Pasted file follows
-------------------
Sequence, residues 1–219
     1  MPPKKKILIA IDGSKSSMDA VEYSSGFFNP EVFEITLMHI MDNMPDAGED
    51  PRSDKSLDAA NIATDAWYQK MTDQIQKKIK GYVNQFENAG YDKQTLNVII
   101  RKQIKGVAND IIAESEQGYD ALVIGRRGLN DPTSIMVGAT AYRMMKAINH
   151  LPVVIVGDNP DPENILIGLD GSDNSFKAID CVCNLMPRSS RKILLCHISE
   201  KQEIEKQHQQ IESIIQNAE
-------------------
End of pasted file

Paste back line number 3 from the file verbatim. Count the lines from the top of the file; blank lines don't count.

    51  PRSDKSLDAA NIATDAWYQK MTDQIQKKIK GYVNQFENAG YDKQTLNVII